In court and on campus, US debates cultural appropriation

Academics say students' concerns reflect tense environment on racial issues

March 20, 2017
Judge and gavel

Colleges and universities periodically debate issues of cultural appropriation, which is when a privileged group adopts part of the culture of an oppressed group and in so doing is perceived to erase the role of the oppressed group, or to denigrate it.

A call for white women at Pitzer College to stop wearing hoop earrings attracted national attention last week. That discussion was nonviolent, although the Latina women who called for white women to stop wearing the earrings have received threats via email.

On 17 March, a Hampshire College student was in a Massachusetts court to face charges that she assaulted a member of the women's basketball team of Central Maine Community College when, at a January game at Hampshire, the woman refused to take out braids that she had in her hair – braids that Carmen Figueroa, the Hampshire student facing charges, and an unidentified additional Hampshire student demanded be removed because they were an example of cultural appropriation.

The Daily Hampshire Gazette obtained court records in the case, and described the police report on what happened after the Maine athletes declined to remove their braids: "When the players did not comply and began to leave the building, Figueroa allegedly initiated a fight towards one of the players. At the same time, another unknown Hampshire College student pulled the hair of a visiting women’s basketball player, causing her to fall to the ground, according to court documents. While the player was on the ground, police allege that Figueroa kicked and stepped on the player, causing injury.

"Another Maine player attempted to protect her fallen teammate, but Figueroa 'grabbed her by the head and threw her to the ground,' according to court documents. The second player suffered scratches and other marks. As coaches broke up the fight, Figueroa attempted to punch at the Maine students and 'was screaming swears and racial slurs,' according to court documents."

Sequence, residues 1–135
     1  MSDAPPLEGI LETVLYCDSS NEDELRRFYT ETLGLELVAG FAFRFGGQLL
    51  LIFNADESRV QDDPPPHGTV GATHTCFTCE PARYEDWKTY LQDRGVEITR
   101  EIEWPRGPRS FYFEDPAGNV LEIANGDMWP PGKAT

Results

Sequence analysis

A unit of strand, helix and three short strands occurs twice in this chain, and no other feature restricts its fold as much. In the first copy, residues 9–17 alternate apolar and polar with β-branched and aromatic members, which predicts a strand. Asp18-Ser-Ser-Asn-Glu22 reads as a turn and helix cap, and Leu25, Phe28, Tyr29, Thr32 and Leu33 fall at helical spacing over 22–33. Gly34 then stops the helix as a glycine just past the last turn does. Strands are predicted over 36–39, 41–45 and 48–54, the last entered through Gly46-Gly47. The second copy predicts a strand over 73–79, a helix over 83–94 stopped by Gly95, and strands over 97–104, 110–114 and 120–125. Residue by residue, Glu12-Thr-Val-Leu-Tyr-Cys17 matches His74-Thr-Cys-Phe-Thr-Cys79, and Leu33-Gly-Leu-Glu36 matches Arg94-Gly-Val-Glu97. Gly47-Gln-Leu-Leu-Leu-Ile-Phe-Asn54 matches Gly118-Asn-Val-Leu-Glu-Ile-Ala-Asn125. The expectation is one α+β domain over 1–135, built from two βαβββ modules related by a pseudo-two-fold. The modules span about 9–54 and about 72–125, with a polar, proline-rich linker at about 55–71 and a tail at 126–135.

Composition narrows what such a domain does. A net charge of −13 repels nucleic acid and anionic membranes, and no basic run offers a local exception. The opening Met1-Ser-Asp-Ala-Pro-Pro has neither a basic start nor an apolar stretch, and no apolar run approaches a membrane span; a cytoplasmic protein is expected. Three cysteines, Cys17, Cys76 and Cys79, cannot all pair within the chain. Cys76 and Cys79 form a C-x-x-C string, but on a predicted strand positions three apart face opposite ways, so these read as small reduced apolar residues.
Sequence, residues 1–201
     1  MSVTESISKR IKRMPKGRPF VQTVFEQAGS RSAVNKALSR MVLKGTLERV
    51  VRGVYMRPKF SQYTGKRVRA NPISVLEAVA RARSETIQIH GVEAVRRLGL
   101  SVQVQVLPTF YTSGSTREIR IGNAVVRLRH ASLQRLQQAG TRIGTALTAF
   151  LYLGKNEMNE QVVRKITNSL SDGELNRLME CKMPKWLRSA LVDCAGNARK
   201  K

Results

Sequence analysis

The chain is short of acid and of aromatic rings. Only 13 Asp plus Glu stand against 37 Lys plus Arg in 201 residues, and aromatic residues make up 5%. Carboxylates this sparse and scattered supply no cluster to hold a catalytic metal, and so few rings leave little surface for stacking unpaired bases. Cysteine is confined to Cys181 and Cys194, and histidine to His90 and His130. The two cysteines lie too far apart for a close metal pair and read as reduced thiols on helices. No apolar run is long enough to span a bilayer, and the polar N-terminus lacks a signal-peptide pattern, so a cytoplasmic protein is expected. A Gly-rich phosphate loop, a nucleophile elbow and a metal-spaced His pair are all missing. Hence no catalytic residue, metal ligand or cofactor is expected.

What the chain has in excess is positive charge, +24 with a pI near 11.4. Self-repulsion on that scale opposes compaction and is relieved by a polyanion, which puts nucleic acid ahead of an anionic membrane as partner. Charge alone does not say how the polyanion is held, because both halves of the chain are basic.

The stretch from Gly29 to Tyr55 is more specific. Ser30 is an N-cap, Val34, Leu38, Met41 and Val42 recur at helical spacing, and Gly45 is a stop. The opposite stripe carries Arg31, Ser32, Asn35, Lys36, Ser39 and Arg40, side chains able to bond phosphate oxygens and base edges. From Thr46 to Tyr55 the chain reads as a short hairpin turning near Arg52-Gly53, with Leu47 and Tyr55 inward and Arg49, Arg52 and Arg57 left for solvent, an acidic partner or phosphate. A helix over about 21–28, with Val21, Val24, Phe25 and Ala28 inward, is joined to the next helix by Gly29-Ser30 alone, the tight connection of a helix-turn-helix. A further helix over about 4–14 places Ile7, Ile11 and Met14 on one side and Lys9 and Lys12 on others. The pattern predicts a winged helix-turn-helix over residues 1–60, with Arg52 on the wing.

Figueroa pleaded not guilty to charges of disorderly conduct, assault and battery, and assault and battery with a dangerous weapon. She could not be reached for comment.

This is not the first time that cultural appropriation has been an issue at Hampshire. In 2013, a student group that organised a Halloween party for the college withdrew an invitation (but still paid) a band made up of white people who played "Afrobeat" music, amid debate over whether the band was engaged in cultural appropriation. A statement from the college at the time said: "The decision by student planners not to have the band perform was not based on the band's racial identity. It was based on the intensity and tone that arose on the event's planning site on social media, including comments from off campus that became increasingly aggressive, moving from responses to individual student voices to rude, and at times unsettling, remarks."

Central Maine officials did not respond to email messages seeking response.

A spokesman for Hampshire said that he could not comment on anything to do with the case because of student privacy regulations.

Hampshire has a politically engaged, left-leaning student body, and officials there have been stressing the importance of civil debate. President Jonathan Lash in January sent a letter to students in which he cited "principles of discourse" at the college adopted in 1990. They include that "that we refuse to reduce disagreement to personal attacks or attacks on groups or classes of individuals" and that "we value civility, even in disagreement".

And in a letter to students last month, Lash wrote in part: "Constructive conflict and creative discomfort can be a part of learning, but only if they move us toward understanding rather than fear, build relationships rather than isolate, motivate us to create rather than destroy. We make these possible when we live as a community in love and respect, cherishing the skills of listening as well as speaking, supporting as well as opposing, challenging each other while offering compassion, disagreeing without seeking to silence other voices."